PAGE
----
Newspaper article THE JOURNAL RECORD

OKC Legal Briefs: August 28, 2008

Newspaper article THE JOURNAL RECORD

OKC Legal Briefs: August 28, 2008

Article excerpt

Ever see a sign bearing an obvious typo and want to fix it?

If it's at a national park, think twice before you act.

Two members of the Typo Eradication Advancement League apparently just couldn't stand an apostrophe they thought was out of place on a 60-year-old sign on a watchtower at Grand Canyon National Park.

Jeff Deck of Somerville, Mass., and Benjamin Herson of Virginia Beach, Va., both 28, wrote on the TEAL Web Site that they used a marker to cover the punctuation error, putting one where it should be and adding a comma.

They said they left in place a misspelled "emense," not wanting to disfigure the sign further.

A park service agent said investigators learned of the act through the Web site.

The sign was created by architect Mary Elizabeth Jane Colter, who designed the watchtower and other park landmarks.

Deck and Harrison spent a few months this spring correcting errors on signs, both government and private.

The two pleaded guilty to conspiracy to vandalize government property, were sentenced to probation and banned from national parks for one year.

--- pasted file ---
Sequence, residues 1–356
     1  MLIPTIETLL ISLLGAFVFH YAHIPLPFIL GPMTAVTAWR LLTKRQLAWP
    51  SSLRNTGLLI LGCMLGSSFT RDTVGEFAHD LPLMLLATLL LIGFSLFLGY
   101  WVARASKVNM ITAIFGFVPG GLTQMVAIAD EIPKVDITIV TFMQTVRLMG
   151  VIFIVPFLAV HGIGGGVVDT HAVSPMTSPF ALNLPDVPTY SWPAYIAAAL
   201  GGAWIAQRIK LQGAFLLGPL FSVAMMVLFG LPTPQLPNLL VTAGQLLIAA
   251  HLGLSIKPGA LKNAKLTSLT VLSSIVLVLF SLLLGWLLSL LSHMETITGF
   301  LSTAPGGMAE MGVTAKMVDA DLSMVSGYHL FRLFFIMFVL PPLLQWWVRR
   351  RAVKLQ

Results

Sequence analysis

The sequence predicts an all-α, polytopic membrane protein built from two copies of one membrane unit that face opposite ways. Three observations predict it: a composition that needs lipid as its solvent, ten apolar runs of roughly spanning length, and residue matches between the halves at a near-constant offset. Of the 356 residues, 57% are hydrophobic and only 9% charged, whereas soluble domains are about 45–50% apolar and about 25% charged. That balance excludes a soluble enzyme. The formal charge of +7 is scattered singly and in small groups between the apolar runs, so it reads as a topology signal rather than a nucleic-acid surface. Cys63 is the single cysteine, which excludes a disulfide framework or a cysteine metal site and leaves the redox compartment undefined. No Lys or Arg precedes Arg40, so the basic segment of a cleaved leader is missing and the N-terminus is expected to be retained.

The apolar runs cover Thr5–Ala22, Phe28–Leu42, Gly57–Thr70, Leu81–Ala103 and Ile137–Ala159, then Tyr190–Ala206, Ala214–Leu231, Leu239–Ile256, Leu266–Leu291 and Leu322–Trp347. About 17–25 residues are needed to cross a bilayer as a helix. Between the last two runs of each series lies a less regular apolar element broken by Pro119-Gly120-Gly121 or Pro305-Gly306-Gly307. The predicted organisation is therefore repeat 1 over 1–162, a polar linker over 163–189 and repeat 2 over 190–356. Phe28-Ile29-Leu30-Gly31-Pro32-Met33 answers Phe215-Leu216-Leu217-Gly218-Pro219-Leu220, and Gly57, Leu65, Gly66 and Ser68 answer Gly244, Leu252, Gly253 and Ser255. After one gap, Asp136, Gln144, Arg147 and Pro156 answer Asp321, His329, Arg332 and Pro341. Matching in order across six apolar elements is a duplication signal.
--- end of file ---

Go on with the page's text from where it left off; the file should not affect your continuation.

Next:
By the way, their Web site sports an error of its own.

The only thing on it now is the message "Statement on the signage of our National Parks and public lands to come" minus the punctuation that would make it a sentence, like this one.

Seinfeld, Maryland court agree

Spite is not a proper reason to return a jacket, nor, apparently, for Tom Clancy to withdraw from a television and paperback book series that brought in profits to a partnership the author formed with his then-wife Wanda.

In a footnote, the Maryland Court of Appeals quotes dialogue from a Seinfeld episode in which a store clerk tells Jerry that he cannot return a jacket for spite, just because he does not like the salesman. Jerry tells the manager the same thing. Jerry then tries to say he just doesn't want the item, to which the manager replies, "No, you said spite. Too late."

In the Clancy case, the appeals panel said the trial court will have to decide whether the author acted in bad faith. …

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